HOUSTON, March 16 Dallas-based Oncor, the state's largest power delivery company, will use steel towers made from scrap steel for its $1.3 billion renewable energy transmission project, the company said on Monday.
The 3,800 steel towers to be built in Texas by Falcon Steel and supplier Nucor (NUE.N) will be used for 800 miles of transmission lines designed to bring power from wind farms in the western half of the state to cities were electricity is consumed, the companies said.
Falcon Steel, based near Fort Worth, will fabricate the 120 to 130-foot (37 to 40-meter) lattice transmission towers with steel milled from automotive and industrial scrap metal, Oncor said in a statement.
Nucors Jewett, Texas plant will provide 54,000 tons of steel for the project.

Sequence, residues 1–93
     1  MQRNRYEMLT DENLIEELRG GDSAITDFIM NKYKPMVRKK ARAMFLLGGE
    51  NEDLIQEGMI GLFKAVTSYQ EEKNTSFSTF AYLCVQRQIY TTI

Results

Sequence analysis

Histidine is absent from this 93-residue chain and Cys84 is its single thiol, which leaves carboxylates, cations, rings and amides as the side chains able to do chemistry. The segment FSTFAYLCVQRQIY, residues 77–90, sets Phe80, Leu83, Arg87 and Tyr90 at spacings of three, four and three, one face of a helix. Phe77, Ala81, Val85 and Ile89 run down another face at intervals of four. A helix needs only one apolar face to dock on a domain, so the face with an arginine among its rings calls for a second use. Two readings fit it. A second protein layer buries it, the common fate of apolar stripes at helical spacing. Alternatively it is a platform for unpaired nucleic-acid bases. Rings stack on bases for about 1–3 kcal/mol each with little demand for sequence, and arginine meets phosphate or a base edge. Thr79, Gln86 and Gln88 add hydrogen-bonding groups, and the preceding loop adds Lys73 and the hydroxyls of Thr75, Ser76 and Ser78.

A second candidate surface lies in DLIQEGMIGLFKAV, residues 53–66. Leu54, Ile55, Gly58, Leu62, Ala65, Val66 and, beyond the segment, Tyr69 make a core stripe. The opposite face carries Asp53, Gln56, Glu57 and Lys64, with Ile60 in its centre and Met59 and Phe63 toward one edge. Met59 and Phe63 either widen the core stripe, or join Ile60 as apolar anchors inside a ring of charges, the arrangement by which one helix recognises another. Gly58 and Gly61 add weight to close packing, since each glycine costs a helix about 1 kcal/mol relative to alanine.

Texas leads the nation with more than 8,000 megawatts of wind-generating capacity, an electric source that produces no greenhouse gas.
Output from wind farms accounted for 4.9 percent of power consumed in the state in 2008, but the rapid addition of turbines outstripped the ability of the existing high-voltage network to move the power to the state's largest cities.
Oncor was among a number of companies approved to build sections of a $5 billion Texas grid expansion to accommodate additional wind power by 2013. In total, the expansion will add as much as 2,900 miles of power lines.
Oncor was assigned new lines valued at about $1.3 billion. "Oncor has a long history of being at the forefront of economic development and job creation in Texas, from the early days of bringing electricity to rural areas to our current efforts," said Bob Shapard, Oncor chief executive officer.
Falcon Steel and Charlotte, North Carolina-based Nucor competed against larger, international firms to win the Oncor contract, the companies said.
Oncor's distribution and transmission network delivers power to about 3 million homes and businesses. Oncor is owned majority-owned by Energy Future Holdings Corp and is managed by an independent board of directors. (Reporting by Eileen O'Grady; Editing by John picinich)
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